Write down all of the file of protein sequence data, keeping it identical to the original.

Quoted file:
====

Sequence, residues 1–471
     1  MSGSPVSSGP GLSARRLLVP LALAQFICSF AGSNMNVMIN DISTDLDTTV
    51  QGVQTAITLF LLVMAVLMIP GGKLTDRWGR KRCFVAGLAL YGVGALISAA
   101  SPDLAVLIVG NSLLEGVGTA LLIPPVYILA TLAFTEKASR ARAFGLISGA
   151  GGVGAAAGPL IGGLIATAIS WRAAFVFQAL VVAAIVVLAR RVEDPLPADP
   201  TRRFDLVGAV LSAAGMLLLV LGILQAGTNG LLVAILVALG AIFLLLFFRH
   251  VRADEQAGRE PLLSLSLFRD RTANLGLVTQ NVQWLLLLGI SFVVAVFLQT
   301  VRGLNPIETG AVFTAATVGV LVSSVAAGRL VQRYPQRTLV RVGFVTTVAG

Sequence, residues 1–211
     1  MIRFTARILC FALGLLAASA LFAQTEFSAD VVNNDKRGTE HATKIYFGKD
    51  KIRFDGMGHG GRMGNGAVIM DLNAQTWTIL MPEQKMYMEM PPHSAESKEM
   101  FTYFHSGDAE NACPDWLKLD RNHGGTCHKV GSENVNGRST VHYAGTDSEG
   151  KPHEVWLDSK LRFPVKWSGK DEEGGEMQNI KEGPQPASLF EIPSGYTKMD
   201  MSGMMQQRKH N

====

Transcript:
Sequence, residues 1–471
     1  MSGSPVSSGP GLSARRLLVP LALAQFICSF AGSNMNVMIN DISTDLDTTV
    51  QGVQTAITLF LLVMAVLMIP GGKLTDRWGR KRCFVAGLAL YGVGALISAA
   101  SPDLAVLIVG NSLLEGVGTA LLIPPVYILA TLAFTEKASR ARAFGLISGA
   151  GGVGAAAGPL IGGLIATAIS WRAAFVFQAL VVAAIVVLAR RVEDPLPADP
   201  TRRFDLVGAV LSAAGMLLLV LGILQAGTNG LLVAILVALG AIFLLLFFRH
   251  VRADEQAGRE PLLSLSLFRD RTANLGLVTQ NVQWLLLLGI SFVVAVFLQT
   301  VRGLNPIETG AVFTAATVGV LVSSVAAGRL VQRYPQRTLV RVGFVTTVAG

Sequence, residues 1–211
     1  MIRFTARILC FALGLLAASA LFAQTEFSAD VVNNDKRGTE HATKIYFGKD
    51  KIRFDGMGHG GRMGNGAVIM DLNAQTWTIL MPEQKMYMEM PPHSAESKEM
   101  FTYFHSGDAE NACPDWLKLD RNHGGTCHKV GSENVNGRST VHYAGTDSEG
   151  KPHEVWLDSK LRFPVKWSGK DEEGGEMQNI KEGPQPASLF EIPSGYTKMD
   201  MSGMMQQRKH N